Retailers feel the pain when fraudsters deceive their businesses. Organized retail crime and return fraud costs retailers an average $726,351 per $1 billion in sales, according to the National Retail Federation.

Below are some of the ploys that could be plaguing your business and best practices to prevent them.

Tricks of the Fraudster Trade

Picture how many times a day your employees swipe a credit card, accept cash or assist with a return. Each of these tasks are second nature to your veteran employees, but these mundane tasks are when fraudsters strike.

1. Credit Card Fraud

Credit card fraud is increasingly common, and while many preventative policies are already in place, you can’t rely on those tactics alone. Fraudsters often whiteout signatures on credit or debit cards and write new ones over them, removing the need for employees to check identification. They don’t even need to steal credit cards to use them. Card-reading devices called skimmers can be placed over ATM scanners to read credit numbers. Fraudsters can then duplicate cards or shop online.

2. Insider Aid

Your customers aren’t the only ones to keep an eye on; 75 percent of employees have stolen from their employer at least once according to a 2017 survey. Bad employees aid others by accepting their fraudulent returns, counterfeit currency or stolen credit cards.

3. Return Fraud

Some fraudsters shoplift items, and return them for cash by either claiming they lost their receipt or creating fake ones. They can also abuse store policies by wearing or using purchased goods, and then returning them within the allotted timeframe.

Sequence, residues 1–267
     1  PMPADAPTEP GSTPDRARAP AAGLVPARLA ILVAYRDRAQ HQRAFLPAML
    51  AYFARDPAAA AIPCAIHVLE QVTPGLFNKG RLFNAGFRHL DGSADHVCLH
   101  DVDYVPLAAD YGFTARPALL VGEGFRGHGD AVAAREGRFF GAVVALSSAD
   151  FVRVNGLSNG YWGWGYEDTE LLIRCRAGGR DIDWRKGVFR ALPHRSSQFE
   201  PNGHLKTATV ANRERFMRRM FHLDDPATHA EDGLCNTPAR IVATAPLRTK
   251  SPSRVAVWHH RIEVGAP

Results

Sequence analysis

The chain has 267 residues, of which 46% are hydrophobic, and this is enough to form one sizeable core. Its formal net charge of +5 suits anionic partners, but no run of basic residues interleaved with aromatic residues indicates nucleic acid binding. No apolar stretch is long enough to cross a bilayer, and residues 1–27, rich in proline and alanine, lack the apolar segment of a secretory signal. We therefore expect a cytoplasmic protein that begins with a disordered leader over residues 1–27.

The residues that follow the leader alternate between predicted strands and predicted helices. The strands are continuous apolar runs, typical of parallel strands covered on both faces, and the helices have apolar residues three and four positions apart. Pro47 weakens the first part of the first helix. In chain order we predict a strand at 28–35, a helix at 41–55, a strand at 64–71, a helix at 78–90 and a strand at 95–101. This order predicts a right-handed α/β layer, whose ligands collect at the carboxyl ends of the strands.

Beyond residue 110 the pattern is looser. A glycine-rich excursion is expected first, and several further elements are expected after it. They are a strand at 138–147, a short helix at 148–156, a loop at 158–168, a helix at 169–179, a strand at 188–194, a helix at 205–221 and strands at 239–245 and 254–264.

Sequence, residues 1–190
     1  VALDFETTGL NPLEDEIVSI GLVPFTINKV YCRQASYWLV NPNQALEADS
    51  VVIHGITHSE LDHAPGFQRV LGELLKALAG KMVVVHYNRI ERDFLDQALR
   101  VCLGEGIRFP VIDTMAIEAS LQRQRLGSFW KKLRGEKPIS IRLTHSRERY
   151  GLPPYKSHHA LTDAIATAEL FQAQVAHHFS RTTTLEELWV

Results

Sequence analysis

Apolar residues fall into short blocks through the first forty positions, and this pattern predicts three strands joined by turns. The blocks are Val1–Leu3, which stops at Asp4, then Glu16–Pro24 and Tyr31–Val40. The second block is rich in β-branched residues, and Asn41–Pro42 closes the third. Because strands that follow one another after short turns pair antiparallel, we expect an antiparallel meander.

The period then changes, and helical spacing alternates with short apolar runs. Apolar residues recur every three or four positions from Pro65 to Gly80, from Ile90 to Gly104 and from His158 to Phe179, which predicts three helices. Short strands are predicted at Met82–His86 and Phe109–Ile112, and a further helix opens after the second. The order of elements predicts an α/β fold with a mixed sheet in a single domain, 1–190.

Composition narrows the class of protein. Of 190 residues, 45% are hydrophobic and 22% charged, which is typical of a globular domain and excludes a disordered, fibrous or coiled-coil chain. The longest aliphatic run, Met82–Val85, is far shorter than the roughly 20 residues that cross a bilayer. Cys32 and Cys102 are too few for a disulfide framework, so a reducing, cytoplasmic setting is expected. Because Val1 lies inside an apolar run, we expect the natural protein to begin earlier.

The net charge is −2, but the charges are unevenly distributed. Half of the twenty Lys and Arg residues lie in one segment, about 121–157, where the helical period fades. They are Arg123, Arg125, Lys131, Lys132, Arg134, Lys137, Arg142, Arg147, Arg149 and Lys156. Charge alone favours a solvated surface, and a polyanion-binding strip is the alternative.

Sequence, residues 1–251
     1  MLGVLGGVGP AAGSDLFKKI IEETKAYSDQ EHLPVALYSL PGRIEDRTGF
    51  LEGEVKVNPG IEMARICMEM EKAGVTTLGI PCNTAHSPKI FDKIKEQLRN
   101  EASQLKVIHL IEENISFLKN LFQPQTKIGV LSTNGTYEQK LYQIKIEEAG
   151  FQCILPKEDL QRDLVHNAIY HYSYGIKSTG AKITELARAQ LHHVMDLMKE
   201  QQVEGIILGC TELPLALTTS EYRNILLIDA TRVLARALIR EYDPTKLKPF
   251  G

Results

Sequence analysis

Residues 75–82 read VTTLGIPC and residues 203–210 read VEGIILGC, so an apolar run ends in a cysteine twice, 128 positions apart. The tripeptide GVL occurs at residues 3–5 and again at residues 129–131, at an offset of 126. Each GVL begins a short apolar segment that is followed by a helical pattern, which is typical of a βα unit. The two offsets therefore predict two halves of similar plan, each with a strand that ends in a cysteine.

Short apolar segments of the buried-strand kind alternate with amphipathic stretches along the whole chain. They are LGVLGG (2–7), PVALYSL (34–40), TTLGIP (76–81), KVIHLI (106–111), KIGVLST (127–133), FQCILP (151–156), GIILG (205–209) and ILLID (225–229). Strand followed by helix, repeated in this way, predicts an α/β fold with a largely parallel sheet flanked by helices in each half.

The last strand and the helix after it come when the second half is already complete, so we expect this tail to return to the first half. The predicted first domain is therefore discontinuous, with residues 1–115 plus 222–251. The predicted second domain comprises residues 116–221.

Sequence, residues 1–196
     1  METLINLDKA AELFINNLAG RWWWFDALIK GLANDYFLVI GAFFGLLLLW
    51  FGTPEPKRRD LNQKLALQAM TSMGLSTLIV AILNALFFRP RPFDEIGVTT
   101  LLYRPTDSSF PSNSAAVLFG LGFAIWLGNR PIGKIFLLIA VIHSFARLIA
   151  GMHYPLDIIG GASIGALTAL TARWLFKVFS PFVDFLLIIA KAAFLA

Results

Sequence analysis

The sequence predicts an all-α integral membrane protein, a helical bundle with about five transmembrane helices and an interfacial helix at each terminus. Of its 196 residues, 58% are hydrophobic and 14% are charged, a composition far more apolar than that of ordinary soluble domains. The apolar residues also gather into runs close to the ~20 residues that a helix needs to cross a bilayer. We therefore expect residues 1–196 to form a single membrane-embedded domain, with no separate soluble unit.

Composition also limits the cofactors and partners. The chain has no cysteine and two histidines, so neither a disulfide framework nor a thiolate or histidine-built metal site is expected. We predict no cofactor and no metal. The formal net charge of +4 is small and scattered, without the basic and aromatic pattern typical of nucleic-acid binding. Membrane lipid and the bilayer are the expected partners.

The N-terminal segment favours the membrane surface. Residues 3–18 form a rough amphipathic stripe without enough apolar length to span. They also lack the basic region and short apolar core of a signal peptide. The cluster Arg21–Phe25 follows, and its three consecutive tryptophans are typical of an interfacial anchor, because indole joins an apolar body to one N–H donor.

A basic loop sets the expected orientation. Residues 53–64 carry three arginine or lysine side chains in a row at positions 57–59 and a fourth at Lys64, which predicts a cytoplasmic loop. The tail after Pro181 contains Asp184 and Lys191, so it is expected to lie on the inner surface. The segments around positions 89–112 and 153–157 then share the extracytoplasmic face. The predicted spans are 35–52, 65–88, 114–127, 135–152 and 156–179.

How to Safeguard Your Business

Installing surveillance cameras above your point-of-sale (POS) system and throughout your property is one of the most effective ways to protect your retail business from fraud. Surveillance cameras can deter and help catch employee and customer theft.

Training employees on best practices and enforcing strict policies can positively impact your business. Teach employees to heavily inspect suspicious cards and currency, and make the inspection obvious. Many fraudsters will quickly leave the store if they sense suspicion. If fraud is presumed, employees should contact authorities and avoid touching the card to leave traceable fingerprints. Surveillance cameras are also beneficial to revisit footage as needed.

Employees should also add notes to customer accounts of suspicious behavior, declined cards or frequent returns. Making conversation with customers can reveal red flags that can otherwise be overlooked. When inspecting identification, ask location specific questions they should know the answer to or about their birthstones to help detect fakes.